Daniel Argueta: After dominating the mat for most of the first 10 minutes of his fight against Damon Jackson, Danielle Argueta had some success on his feet in the third round. Instead of taking advantage of this advantage, Argueta went on a takedown, reversed and taken control.
Niklas Stolz: Niklas Stolz fought a short but incredibly tough fight against Benoit Saint-Denis. The moment Saint-Denis fought a chokehold attempt in the second round and then put the fight on the carpet, Stolze visibly dulled. Not long after that, he pressed down on Saint Donnie’s choke.
John Anik: Knowing that scoring and refereeing were such a hot topic, it was a bit disappointing to hear Jon Annick’s comment about “the all-important control time” when it came to Rinat Fakhrettinov’s match against Andreas Mikhalides.
As I – and others have shown – controlling time per se is not something to come into play when recording a fight. It is not the primary registration criteria. Effective hitting and conflict is the primary criterion. Fakhretdinov used this control to score with his shot and grapple, and Annik would have been better off adding this context to his mention of “the all-important control time”.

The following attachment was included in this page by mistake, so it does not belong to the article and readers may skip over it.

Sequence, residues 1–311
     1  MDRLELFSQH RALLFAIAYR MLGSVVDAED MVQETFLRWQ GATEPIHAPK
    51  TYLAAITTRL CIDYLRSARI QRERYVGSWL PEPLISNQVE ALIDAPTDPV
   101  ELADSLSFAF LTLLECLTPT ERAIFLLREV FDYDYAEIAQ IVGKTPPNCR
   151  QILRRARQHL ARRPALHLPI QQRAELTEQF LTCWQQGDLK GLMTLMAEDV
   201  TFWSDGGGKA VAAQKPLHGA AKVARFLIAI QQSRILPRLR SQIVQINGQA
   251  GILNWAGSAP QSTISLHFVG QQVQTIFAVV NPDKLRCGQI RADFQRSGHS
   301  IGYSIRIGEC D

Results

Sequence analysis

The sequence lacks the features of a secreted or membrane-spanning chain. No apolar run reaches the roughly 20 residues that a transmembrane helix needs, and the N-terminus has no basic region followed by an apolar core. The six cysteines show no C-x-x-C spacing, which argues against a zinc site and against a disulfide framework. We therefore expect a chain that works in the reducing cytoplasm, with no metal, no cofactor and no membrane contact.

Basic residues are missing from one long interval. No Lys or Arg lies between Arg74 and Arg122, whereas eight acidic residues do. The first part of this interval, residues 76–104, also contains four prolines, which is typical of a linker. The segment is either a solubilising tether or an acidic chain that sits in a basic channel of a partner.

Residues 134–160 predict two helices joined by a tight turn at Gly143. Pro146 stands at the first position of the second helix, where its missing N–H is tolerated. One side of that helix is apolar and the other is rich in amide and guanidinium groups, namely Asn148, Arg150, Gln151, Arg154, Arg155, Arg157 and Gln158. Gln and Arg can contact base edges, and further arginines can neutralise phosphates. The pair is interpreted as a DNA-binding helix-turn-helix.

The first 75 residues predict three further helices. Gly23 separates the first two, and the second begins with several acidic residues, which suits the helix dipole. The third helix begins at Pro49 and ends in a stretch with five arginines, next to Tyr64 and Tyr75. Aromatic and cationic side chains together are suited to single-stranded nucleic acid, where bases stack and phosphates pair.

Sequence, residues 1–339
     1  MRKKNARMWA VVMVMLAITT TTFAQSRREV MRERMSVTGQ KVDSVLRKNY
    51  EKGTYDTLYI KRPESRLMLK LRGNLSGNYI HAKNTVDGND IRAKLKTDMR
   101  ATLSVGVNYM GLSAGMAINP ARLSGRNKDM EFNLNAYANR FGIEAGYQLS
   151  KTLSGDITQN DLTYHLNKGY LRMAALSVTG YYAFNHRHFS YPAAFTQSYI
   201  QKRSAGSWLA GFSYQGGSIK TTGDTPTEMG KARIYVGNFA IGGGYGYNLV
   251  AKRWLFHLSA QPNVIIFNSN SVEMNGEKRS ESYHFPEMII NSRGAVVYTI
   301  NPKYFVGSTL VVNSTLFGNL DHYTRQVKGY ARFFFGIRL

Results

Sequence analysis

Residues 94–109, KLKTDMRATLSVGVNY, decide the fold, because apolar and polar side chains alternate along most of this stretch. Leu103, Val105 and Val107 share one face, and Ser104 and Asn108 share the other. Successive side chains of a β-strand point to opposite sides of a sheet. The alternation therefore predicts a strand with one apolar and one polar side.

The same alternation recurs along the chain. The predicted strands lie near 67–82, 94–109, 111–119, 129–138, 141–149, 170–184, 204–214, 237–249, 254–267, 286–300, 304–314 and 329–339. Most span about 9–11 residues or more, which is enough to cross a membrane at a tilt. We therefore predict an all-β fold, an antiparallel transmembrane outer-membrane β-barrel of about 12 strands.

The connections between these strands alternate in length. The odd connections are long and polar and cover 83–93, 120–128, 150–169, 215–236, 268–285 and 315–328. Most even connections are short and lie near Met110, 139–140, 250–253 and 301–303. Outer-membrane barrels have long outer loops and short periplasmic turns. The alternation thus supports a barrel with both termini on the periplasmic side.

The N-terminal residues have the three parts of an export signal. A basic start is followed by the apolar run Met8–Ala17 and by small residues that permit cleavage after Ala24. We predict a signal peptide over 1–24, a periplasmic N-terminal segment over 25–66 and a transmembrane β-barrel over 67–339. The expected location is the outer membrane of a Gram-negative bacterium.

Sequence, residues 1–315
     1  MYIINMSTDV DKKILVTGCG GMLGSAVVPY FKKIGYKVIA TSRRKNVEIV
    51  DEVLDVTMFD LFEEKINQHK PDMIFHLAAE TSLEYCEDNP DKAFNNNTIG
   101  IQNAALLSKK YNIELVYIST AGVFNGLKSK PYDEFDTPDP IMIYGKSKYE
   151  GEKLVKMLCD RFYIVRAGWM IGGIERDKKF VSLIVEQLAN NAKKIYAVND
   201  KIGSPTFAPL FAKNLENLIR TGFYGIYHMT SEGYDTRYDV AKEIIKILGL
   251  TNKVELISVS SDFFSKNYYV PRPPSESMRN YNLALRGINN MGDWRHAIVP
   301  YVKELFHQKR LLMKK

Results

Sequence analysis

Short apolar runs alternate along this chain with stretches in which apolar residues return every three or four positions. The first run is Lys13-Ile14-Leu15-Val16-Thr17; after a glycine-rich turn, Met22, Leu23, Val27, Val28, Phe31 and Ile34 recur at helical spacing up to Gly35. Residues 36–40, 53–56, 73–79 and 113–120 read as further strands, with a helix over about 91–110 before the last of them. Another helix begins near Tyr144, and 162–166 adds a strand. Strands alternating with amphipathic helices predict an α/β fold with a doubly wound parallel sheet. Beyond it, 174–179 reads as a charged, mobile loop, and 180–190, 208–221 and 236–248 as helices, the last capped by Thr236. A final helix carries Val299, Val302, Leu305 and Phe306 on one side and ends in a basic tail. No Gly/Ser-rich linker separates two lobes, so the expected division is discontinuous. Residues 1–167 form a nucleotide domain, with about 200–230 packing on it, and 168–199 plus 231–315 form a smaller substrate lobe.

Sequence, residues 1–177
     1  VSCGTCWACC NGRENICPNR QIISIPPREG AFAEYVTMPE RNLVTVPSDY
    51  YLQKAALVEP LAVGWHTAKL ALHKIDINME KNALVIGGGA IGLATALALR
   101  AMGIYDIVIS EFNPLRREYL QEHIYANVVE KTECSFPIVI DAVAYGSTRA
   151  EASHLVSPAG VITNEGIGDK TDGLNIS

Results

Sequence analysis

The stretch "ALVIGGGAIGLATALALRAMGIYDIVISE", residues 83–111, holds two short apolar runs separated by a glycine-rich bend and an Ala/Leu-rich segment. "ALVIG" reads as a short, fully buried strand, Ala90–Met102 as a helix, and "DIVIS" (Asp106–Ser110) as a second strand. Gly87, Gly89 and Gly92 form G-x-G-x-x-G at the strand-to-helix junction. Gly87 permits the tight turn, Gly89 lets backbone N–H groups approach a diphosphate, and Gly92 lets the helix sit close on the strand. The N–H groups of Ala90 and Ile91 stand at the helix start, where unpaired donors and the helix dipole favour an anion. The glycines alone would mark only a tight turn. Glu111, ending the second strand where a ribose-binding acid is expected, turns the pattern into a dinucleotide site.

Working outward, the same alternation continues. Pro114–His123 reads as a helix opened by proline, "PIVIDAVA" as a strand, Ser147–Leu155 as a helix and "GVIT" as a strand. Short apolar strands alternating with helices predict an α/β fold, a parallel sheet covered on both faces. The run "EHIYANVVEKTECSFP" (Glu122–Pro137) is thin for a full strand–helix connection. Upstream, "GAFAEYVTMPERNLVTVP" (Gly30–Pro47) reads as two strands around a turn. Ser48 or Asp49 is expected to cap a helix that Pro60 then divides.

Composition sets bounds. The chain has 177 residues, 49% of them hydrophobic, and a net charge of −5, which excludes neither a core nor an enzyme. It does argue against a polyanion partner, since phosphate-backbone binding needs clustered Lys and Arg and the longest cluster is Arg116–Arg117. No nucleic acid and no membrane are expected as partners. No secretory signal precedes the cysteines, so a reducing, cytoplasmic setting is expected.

Mark Smith: I lost count of the number of times referee Mark Smith warned Andreas Michaelides to grab the cage in the first half of the first round of Michaelides’ fight against Rinat Fakhretdinov, but it was at least five times. Smith needed to take a point. he did not do. He failed.
UFC commentators: Despite focusing on refereeing and scoring goals over the past few weeks, UFC commentators John Annick and Paul Felder have abused scoring standards multiple times during the event. I stand by my assertion that the commentary team needs improvement when they discuss scoring and refereeing.